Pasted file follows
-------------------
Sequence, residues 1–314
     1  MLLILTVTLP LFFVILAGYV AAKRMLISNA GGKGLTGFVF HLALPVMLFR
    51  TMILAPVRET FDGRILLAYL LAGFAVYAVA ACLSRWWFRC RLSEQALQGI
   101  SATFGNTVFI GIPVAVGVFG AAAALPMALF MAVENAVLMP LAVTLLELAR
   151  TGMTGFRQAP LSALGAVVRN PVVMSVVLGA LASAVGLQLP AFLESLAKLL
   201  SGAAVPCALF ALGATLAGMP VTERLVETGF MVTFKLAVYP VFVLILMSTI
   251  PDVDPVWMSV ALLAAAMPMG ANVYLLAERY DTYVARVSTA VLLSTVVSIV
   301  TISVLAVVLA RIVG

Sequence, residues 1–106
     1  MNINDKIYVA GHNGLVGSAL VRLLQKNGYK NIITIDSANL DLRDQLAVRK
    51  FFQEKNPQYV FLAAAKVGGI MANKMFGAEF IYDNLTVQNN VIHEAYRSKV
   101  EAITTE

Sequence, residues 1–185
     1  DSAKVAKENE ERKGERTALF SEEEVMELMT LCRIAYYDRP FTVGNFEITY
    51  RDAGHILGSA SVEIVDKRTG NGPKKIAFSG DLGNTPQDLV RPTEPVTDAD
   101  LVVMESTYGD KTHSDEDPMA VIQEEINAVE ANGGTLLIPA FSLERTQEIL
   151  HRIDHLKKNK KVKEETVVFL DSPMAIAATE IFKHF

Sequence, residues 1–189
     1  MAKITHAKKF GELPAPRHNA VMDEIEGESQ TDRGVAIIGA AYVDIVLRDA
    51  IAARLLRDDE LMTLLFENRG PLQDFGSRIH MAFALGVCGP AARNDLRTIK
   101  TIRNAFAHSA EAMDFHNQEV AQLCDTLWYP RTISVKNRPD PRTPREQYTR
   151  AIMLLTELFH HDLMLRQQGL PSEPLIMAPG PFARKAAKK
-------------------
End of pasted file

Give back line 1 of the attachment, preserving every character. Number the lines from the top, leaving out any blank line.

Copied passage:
Sequence, residues 1–314